For dance professionals, almost one-half indicated that teaching was the role in dance with which they identify the most (47%), followed by performing (32%), and choreographing (16%). Dance professionals indicated that they dance for artistic expression (78%), enjoyment (76%), employment (61%), and performing (57%). Among those dance professionals who had trained at a dance school or program, the average number of years of training prior to starting their dance career was 9.5. On average, dance professionals had been earning some dance-related income for nearly 12 years.
The average income of dance professionals is $32,000, including 54% from dance-related activities and 46% from activities outside of dance. The average work week of dance professionals includes 48.5 total hours, of which 40.6 hours are paid time. All 7.9 hours of unpaid time fall within dance activities, rather than non-dance roles. Unpaid time represents 29% of all of the time spent on dance activities by dance professionals.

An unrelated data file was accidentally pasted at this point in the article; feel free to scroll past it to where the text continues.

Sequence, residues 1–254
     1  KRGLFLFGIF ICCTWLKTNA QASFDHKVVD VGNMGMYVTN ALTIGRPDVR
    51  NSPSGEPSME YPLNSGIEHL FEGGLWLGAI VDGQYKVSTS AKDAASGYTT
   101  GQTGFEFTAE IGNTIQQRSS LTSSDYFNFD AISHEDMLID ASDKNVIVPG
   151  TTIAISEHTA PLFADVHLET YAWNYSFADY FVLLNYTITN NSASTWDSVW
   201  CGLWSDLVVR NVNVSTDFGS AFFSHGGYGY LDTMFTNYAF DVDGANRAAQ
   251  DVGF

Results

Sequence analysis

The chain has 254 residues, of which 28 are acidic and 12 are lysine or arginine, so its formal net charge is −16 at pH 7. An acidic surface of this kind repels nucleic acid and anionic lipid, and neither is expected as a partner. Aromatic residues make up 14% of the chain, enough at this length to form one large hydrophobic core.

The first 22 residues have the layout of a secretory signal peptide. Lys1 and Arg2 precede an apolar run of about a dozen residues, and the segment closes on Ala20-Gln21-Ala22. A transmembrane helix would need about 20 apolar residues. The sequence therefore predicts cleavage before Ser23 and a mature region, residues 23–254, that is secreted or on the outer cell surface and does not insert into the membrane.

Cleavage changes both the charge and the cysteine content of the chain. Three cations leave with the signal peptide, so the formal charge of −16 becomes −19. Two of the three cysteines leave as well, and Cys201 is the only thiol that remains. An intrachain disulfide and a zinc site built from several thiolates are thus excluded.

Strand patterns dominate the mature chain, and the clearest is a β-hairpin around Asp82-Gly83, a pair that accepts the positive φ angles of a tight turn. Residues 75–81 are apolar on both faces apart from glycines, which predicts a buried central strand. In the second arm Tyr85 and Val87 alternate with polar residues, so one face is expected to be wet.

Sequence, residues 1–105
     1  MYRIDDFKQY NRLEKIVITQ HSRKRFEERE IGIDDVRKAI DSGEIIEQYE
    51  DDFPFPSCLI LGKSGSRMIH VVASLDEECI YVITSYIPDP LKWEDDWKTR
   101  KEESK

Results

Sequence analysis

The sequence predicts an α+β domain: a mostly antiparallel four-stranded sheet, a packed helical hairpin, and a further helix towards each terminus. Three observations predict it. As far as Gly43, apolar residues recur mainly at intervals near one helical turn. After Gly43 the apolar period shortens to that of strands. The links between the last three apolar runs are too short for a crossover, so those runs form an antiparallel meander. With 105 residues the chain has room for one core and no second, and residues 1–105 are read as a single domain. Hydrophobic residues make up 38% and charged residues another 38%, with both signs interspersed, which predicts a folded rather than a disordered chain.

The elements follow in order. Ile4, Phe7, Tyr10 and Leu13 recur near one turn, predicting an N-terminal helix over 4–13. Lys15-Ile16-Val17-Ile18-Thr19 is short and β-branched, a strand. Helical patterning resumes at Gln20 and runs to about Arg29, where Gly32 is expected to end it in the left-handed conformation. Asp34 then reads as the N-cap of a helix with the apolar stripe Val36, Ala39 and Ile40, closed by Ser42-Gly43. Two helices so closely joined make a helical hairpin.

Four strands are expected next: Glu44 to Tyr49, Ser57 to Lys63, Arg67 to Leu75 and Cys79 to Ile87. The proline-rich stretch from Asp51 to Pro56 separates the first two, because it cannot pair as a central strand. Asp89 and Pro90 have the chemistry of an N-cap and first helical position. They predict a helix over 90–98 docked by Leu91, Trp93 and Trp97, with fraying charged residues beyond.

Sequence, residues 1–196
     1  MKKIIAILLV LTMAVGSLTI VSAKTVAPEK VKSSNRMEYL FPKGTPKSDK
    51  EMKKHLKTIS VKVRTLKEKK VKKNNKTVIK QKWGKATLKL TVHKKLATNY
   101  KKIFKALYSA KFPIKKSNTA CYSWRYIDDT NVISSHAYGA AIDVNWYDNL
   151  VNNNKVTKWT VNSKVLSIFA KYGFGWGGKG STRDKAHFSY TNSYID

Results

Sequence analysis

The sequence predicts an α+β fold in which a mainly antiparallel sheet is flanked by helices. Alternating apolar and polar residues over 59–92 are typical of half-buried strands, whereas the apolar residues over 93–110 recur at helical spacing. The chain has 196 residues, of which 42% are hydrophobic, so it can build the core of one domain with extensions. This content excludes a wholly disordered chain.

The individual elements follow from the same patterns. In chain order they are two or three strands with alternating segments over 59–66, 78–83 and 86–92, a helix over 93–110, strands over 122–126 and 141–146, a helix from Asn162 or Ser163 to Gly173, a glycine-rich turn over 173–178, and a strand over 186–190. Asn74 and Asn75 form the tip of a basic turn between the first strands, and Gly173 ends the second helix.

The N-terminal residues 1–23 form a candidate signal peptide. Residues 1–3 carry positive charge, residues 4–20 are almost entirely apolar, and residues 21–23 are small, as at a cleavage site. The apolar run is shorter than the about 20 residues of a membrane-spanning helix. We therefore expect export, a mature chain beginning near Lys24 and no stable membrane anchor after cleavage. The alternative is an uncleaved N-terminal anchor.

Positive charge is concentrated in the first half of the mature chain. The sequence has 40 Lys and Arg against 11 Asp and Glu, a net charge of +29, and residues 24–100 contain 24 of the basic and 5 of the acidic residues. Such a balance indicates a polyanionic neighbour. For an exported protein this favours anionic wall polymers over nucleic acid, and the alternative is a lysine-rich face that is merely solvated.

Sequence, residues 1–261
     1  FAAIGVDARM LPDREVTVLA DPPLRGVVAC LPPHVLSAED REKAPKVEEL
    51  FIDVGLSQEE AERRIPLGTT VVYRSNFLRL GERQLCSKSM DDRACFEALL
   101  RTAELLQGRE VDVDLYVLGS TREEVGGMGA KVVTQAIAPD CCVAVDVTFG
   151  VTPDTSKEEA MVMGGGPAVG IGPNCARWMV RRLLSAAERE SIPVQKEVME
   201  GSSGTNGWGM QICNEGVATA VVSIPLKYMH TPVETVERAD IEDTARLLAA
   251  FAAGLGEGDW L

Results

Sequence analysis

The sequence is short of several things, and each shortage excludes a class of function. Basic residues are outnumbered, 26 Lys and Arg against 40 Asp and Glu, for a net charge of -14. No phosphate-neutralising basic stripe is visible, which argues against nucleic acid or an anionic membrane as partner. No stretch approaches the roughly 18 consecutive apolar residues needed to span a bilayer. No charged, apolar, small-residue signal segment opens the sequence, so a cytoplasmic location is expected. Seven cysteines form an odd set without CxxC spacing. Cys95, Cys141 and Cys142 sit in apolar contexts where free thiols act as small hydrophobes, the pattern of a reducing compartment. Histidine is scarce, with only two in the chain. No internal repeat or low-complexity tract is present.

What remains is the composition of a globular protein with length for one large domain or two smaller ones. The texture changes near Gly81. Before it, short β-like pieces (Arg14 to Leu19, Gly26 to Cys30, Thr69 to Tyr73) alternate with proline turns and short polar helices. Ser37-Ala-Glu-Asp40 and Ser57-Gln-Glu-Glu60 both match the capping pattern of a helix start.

Culture Track 2014

LaPlaca Cohen, April 2014
Based on a survey of 4,026 Americans 18 years of age or over, Culture Track 2014 examines cultural attendance as well as the attitudes, motivations, and behaviours of “culturally-active audiences” in an attempt to “understand what’s really driving or discouraging cultural participation”. The sample size has a margin of error of plus or minus 1.6 percentage points, 19 times out of 20.
Between a similar 2011 survey and the 2014 iteration, there was an increase in the percentage of Americans participating at least once a year in many art forms (including four types of museums, musical theatre, and classical music), but there were some decreases (including drama, classical dance, modern dance, and opera).
The survey found that the frequency of participation has decreased over time, which the survey attributes to a lingering “effect of the economic downturn”: many respondents indicated that they were “reducing expenses across the board”, “cutting back on leisure activities”, or “reprioritizing time / money spent on leisure”.